Wednesday, July 30, 2008

Conserve gasoline so that we can tax you more? Makes perfect sense if you are a Statist

According to the Wall Street Journal, for the second straight month the number of miles driven by Americans has declined in the face of high gas prices: 1.8% in April, 3.7% in May. That's 5.5% in two months, nationwide--in the East the cutback has actually been higher [see map]. (I believe that's also called the impact of market forces.)

If you read or listen to automotive ads, they're trying to give the damn things away now. I just saw a VW Beetle on a car lot on Kirkwood Highway with a sticker in the window offering no money down and 2.9% financing for 72 months. That's six years, right?

What this all means to the government, however, is less tax money for highway maintenance and mass-transit projects:

"We were losing ground to these incredible increases in construction costs, but then to see the erosion in driving -- it's a double whammy," said John Horsley, executive director of the American Association of State Highway and Transportation Officials. On top of the federal gasoline tax, currently 18.4 cents a gallon, the states charge their own gasoline taxes, which are typically slightly above the federal rate.

Obviously, this will lead to the government scrambling to find any number of revenue enhancements in order to repave roads, repair bridges, and construct new light rail systems (when the only functioning passenger rail system in the country can only survive through massive taxpayer subsidies).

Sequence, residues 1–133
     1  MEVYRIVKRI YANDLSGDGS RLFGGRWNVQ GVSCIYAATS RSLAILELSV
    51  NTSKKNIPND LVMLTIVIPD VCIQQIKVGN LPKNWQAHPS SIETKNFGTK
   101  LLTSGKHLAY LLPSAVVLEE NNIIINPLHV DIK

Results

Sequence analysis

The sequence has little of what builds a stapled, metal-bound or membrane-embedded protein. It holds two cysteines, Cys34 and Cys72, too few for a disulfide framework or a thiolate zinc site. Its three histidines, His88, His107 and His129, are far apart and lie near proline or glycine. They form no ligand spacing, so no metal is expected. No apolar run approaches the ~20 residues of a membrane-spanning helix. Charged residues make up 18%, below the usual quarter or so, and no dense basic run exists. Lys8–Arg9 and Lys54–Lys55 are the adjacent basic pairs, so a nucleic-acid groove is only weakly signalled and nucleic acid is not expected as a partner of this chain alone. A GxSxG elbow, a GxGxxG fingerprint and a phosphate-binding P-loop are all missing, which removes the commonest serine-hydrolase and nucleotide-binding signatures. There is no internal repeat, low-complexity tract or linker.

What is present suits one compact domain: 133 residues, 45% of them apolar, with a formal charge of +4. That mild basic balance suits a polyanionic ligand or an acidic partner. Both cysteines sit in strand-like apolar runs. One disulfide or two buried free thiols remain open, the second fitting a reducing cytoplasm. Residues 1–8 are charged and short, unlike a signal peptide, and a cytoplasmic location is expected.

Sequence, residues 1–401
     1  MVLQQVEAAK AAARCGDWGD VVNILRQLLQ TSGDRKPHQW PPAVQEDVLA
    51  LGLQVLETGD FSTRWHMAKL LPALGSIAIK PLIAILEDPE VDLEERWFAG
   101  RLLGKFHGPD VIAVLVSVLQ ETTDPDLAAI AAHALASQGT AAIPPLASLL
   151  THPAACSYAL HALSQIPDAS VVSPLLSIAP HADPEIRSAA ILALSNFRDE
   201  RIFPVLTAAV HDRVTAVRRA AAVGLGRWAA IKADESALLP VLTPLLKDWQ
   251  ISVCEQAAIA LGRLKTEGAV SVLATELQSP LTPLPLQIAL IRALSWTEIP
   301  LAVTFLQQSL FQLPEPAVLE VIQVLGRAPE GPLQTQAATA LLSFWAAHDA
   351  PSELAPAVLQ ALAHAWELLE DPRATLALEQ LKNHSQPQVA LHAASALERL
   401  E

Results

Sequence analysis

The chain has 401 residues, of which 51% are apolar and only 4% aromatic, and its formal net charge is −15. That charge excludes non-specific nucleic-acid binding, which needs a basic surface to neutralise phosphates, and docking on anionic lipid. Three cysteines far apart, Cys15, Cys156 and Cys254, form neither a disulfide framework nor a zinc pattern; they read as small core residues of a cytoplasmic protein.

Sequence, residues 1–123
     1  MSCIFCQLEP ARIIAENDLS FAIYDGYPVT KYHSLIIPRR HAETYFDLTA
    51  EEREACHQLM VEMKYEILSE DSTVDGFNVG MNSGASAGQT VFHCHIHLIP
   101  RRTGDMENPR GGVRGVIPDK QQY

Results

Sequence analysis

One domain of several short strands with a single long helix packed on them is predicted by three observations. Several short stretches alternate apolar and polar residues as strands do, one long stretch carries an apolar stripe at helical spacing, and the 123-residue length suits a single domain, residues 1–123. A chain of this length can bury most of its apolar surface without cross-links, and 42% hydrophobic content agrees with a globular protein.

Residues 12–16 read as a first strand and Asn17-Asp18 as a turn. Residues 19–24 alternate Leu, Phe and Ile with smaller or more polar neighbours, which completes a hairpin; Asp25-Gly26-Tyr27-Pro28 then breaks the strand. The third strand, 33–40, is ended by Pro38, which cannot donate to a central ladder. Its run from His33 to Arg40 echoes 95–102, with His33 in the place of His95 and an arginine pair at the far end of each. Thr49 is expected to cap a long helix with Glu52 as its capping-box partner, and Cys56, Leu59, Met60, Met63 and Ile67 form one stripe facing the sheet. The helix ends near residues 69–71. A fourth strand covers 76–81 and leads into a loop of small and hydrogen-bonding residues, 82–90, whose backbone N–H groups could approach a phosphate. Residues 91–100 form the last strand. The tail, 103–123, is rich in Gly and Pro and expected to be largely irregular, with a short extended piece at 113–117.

Or, as in North Carolina [reported by Big Bend Bikers for Freedom], the government could take it out on mo-ped riders.

A lot of people are suddenly ditching their cars in favor of gas-sipping mopeds. There goes car registration money, vehicle transfer taxes, gas tax revenues.... What to do, what to do?

What to do is to manufacture BS fears that untrained mo-ped riders are a potential safety hazard on the roads, so that then you can justify passing legislation that forces them to take a $130 training class.

See, here's the problem: the so-called public sector is not an honest broker--and this is not something that can be blamed on Dubya.

For decades a variety of government policies have been put into place that both passively and actively encouraged Americans to consume more and more fuel. Then the same government based highway and bridge-building decisions on models of fuel consumption (and therefore tax revenues) that would keep expanding forever.

In the process they've let the nation's transportation infrastructure decay to an alarming point:

About 25% of bridges in the U.S. are either "functionally obsolete" or "structurally deficient," like the Mississippi River bridge that collapsed in Minneapolis last August, killing 13 people.

Moreover, the pavement is rated "not acceptable" on one of every seven miles of the nation's roads, according to the National Surface Transportation Policy and Revenue Study Commission, whose job is to assess infrastructure problems and recommend fixes.

Overall, the commission estimated, $225 billion a year is needed to meet the country's transportation infrastructure needs. Current spending is about 40% of that level.

Curious question that I don't see answered anywhere: There are a small but statistically significant number of toll roads and bridges across the country, some owned by the government, some in a public/private partnership, and some actually owned by private enterprise. I wonder what kind of shape, comparatively speaking, are the parts of our transport infrastructure which have been paid for primarily with user fees?

You're probably not going to find that answer, either.

But in the meantime, expect any number of nanny state assertions that because you've started conserving energy it's time for you to pay more taxes.

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